Poll: Virginia Voters Support Marijuana Reform, Medicaid Expansion CompromisePosted: Updated:
New polling information by the Christopher Newport University's Wason Center shows Virginia voters are in favor of decriminalizing small amounts of marijuana.
According to the center, this viewpoint is shared across demographic and partisan categories, however the lowest level of support is among Republicans.
Earlier this week, a bill allowing doctors in the commonwealth to use cannabis oil – which is derived from marijuana plants - was passed by the Virginia Senate.
The Wason Center also polled people about opioids, finding that most voters know someone who has taken an opioid painkiller. A majority of poll takers also support treatment rather than prison time for those who abuse the drugs without a prescription.
Pollsters found that Virginia voters are willing to compromise on expanding Medicaid: 58 percent of those polled are in supporting its expansion, while 56 percent supported growing the healthcare program.
According to the poll, support is stronger among women and black voters and weaker among men and southwest Virginia.
Republicans overall oppose expanding it - 66 percent - and Democrats support stands at 85 percent.
02/07/2018 Release from the Wason Center for Public Policy at Christopher Newport University:
NEWPORT NEWS -- A new survey of Virginia voters by the Wason Center for Public Policy at Christopher Newport University suggests that a compromise may be possible on expanding Virginians’ access to Medicaid, an issue that has vexed the General Assembly for five years.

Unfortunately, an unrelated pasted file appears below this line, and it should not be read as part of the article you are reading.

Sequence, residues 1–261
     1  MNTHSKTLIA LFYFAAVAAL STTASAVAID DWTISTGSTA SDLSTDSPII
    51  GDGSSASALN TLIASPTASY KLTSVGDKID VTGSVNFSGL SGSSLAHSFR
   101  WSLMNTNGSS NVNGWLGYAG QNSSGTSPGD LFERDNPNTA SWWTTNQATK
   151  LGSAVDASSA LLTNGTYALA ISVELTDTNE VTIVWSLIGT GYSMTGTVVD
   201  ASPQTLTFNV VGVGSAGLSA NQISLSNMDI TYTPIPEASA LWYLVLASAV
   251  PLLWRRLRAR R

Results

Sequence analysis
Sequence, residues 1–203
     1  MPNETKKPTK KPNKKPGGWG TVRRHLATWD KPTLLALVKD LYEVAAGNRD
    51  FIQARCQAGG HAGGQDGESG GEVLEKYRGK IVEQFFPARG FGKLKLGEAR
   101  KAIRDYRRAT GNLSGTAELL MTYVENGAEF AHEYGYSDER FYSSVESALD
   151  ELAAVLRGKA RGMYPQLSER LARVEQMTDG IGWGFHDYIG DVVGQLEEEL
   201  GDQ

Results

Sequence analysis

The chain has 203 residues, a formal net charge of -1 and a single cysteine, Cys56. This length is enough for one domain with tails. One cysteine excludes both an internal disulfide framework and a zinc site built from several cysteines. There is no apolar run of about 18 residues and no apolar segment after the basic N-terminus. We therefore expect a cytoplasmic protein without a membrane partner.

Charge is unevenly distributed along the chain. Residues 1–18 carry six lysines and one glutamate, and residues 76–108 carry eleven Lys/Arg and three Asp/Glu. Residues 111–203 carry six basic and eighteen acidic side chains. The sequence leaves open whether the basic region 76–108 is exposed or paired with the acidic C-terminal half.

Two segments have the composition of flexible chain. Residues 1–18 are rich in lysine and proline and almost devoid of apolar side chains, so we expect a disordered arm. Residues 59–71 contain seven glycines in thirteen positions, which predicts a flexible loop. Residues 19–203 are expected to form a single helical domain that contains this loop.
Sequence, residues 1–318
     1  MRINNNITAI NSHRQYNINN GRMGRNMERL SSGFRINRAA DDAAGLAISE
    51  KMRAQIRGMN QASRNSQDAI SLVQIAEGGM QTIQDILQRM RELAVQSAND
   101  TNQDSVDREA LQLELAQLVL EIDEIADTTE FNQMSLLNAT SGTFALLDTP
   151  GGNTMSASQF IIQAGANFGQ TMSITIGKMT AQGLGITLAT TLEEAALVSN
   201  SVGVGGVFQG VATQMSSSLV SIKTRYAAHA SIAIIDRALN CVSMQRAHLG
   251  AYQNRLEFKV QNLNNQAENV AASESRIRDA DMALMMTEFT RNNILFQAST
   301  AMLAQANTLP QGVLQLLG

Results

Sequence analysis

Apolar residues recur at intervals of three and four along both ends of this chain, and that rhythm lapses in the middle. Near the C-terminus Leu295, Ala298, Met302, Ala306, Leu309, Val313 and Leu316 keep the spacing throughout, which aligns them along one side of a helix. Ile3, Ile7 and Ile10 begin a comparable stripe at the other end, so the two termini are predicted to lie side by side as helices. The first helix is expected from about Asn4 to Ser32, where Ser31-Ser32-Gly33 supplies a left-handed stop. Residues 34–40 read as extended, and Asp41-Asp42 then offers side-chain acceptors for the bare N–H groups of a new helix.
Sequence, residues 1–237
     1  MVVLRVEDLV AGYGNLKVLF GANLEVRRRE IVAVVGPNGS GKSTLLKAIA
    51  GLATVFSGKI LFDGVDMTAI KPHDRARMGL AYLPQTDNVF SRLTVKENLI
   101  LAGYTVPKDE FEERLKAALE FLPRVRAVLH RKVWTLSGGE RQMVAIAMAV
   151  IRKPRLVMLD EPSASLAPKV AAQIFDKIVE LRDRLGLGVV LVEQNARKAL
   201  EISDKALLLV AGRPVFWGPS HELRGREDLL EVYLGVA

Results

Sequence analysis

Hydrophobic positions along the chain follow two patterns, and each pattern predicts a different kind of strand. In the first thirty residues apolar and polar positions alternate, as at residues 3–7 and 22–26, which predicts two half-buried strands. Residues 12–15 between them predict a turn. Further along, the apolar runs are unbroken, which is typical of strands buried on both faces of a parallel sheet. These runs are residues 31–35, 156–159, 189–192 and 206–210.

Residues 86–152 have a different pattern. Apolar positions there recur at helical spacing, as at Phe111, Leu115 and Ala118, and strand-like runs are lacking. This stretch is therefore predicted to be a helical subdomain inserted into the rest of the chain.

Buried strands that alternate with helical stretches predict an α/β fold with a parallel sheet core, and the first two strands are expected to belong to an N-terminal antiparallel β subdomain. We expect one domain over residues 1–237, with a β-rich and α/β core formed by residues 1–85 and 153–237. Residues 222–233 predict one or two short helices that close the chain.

“While a majority of voters support a full expansion of Medicaid, Republican voters oppose it, and Republicans are still in charge in the General Assembly,” said Dr. Quentin Kidd, director of the Wason Center. “However, a partial expansion has the support of Republican voters, which may open a path to compromise this session.”
Here are some of the other findings in the Wason Center’s annual issues survey:
- Virginians support decriminalizing the possession of small amounts of marijuana, making it punishable by fines rather than jail.
- Voters support raising the $7.25 minimum wage to $10.10 by 2020.
- Two-thirds of voters know someone who has taken prescription opioid painkillers, and they support treatment rather than prison for opioid abusers.
- Voters would prohibit sending or reading e-mails while driving, but they would not ban all cell phone use while driving. Texting is already illegal.
- A majority of voters support amending Virginia’s Constitution to put a non-partisan commission in charge of drawing new political districts, rather than continue to allow members of the legislature to draw their own districts in the once-a-decade redistricting process.
The Wason Center conducted 870 interviews of registered Virginia voters, including 372 on landline and 498 on cell phone, Jan. 14-Feb. 4. The survey’s margin of error is +/- 3.6 percent.